Navy pleased with "Advanced" Super Hornet tests, wants more Growlers

Source: Flightglobal.com
This story is sourced from Flightglobal.com

The US Navy says it is pleased with results of recent flight tests of a Boeing F/A-18E/F Super Hornet that had been upgraded with conformal fuel tanks and an external weapons pod -- a configuration Boeing calls the "Advanced Super Hornet."

Captain Frank Morley, F/A-18 programme manager for the USN, says on 7 April that the tests give lawmakers additional options as they consider whether to add orders for Super Hornets or A/E-18G Growler electronic attack aircraft to the US military's fiscal year 2015 budget.

"The measures we were able to get on signature reduction and flying quality were spot on predications," Morley tells reporters during a press briefing at the Navy League's Sea-Air-Space Exposition near Washington, DC. "It helps better inform decisions made through the budget bills and provides options as needed."

Conformal fuel tanks added to the upper fuselage of Super Hornets and belly-mounted external weapons pods are two primary upgrades that Boeing is pitching as its Advanced Super Hornet.

The Advanced model can also be improved with better engines, avionics and weapons systems, including an upgraded radar and improved infrared search-and-track abilities, Boeing has said.

The Advanced Super Hornet designation will be applied to new aircraft and existing aircraft that have been upgraded, Boeing has said.

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Boeing F/A-18E/F Advanced Super Hornet with upper conformal fuel tank.

The US government's fiscal year 2015 budget, which is currently working through Congress, does not include money for more Growlers or Super Hornets, but the USN expressed interest in additional aircraft by adding 22 Growlers to an unfunded list of priorities sent to lawmakers in recent weeks.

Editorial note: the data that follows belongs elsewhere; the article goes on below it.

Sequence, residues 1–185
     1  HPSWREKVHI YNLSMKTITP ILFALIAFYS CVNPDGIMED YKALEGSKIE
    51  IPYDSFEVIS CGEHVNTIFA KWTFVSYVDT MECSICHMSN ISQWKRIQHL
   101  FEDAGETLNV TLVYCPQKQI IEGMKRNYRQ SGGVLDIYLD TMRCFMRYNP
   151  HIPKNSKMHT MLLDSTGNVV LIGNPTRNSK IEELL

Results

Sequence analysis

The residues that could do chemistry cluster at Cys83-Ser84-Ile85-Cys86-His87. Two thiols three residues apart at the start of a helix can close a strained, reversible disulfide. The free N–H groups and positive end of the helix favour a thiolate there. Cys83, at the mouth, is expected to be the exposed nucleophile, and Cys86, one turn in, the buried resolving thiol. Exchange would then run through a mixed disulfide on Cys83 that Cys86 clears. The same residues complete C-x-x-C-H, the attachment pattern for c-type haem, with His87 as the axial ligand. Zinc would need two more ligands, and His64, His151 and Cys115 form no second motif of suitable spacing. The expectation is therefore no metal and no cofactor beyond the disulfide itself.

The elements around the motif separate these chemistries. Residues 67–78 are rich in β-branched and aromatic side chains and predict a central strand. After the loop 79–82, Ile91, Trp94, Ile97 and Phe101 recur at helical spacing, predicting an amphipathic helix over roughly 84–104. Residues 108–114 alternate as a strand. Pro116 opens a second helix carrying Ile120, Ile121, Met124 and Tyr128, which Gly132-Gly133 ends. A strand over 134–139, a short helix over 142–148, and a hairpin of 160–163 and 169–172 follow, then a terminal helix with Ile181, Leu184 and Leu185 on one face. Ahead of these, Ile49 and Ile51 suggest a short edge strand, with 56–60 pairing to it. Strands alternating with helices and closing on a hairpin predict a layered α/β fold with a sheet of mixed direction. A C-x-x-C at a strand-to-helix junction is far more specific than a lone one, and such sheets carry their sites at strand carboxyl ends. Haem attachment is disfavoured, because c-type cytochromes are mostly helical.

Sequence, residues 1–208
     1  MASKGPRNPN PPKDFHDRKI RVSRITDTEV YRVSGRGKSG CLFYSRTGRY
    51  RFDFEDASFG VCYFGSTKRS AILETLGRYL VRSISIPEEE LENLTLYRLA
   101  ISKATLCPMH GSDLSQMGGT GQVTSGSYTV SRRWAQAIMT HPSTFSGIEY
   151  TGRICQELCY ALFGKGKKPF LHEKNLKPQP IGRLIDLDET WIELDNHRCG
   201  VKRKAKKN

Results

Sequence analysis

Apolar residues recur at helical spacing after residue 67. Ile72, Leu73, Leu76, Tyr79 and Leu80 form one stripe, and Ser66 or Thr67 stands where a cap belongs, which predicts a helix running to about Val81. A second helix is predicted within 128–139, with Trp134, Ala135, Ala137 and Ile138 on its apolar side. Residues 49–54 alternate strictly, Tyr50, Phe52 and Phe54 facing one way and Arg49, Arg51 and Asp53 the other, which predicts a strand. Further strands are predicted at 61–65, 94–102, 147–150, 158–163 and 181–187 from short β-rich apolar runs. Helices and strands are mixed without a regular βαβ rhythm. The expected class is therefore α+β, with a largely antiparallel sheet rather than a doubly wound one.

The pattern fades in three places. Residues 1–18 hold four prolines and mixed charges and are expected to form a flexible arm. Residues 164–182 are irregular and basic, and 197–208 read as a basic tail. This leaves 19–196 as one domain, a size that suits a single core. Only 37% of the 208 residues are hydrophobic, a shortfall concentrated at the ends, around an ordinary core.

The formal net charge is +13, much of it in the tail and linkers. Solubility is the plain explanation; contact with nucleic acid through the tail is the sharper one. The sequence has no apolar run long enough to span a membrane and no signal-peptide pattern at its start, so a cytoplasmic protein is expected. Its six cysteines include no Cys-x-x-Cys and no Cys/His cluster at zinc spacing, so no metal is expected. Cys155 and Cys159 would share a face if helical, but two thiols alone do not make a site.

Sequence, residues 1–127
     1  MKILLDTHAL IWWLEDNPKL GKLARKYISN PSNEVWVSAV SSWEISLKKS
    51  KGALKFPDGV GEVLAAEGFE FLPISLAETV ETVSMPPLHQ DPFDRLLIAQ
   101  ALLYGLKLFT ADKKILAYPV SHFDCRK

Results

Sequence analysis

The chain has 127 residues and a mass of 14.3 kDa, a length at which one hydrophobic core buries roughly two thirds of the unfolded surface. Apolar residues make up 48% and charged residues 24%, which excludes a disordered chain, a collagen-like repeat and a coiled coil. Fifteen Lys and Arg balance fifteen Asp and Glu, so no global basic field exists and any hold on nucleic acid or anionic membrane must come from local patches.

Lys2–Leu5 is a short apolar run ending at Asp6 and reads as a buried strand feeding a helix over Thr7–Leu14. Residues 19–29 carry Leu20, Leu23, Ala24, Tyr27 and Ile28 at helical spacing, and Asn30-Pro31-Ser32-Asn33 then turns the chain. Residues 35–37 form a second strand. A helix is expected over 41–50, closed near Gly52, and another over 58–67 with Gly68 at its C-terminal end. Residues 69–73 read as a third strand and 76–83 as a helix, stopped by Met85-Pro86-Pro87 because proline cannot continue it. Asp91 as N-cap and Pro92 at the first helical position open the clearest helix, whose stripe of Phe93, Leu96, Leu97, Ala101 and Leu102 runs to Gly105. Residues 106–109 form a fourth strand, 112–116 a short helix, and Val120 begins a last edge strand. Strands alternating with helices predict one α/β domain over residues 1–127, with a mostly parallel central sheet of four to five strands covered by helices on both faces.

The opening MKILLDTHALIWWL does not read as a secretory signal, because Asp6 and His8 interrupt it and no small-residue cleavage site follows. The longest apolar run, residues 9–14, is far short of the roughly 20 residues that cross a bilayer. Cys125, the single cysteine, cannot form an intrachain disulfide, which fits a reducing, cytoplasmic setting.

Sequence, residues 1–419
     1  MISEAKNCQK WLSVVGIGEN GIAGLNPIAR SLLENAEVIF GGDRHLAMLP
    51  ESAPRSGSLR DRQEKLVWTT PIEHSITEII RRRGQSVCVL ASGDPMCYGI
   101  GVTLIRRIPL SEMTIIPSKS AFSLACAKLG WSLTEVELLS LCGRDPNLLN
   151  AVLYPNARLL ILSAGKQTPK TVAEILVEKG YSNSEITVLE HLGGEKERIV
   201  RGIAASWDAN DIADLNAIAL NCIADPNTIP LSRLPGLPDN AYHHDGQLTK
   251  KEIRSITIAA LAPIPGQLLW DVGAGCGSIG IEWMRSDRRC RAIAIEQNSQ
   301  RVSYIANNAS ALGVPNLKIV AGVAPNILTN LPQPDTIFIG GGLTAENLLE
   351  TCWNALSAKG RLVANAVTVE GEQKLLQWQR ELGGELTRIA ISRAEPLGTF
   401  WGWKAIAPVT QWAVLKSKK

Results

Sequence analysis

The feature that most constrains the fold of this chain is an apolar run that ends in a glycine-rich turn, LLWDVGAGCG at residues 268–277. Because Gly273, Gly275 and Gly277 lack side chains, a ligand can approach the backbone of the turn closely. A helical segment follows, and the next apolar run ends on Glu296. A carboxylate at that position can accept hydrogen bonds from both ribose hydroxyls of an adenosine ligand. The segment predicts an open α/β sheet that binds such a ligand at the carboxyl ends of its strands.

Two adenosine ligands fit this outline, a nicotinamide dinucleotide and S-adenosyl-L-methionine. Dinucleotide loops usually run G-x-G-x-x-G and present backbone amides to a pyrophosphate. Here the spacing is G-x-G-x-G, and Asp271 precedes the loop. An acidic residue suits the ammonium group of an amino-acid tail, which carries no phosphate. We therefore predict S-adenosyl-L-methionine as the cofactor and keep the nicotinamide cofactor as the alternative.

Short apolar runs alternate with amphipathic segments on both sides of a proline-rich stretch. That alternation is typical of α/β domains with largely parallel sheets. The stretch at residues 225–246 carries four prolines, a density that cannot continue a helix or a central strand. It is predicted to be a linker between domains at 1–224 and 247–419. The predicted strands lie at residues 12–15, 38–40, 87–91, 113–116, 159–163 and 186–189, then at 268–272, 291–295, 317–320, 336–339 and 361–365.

Morley says Growler's electronic jamming and other capabilities are critical to the "blue kill chain", the process by which friendly military forces identify, track, target and fire upon enemy forces. They are equally effective in disrupting the enemys ability to do the same against US forces, he adds.

"Given the environment we are [moving] into, that type of airplane plays a major role," Morley says. "You could use a lot of them. You could continue to [identify] places where they could [be of] benefit."

The USN intends to operate Super Hornets through the 2030s, Morley says.

Boeing has been seeking additional orders for Growlers or Super Hornets so as to keep its production line in St. Louis running.

Unless it receives more orders, the line will run out of aircraft to build by the end of 2016, Boeing has said.

If Congress adds 22 Growlers into next fiscal years spending bill, the line would continue running until the end of 2017, Mike Gibbons, Boeing's vice president of the F/A-18 programme, says during the press conference.

Gibbons adds that Growlers are the only aircraft that provide a broad spectrum of electronic protection, allowing fighters and other aircraft to penetrate enemy airspace that is guarded by multiple layers of electronic defence.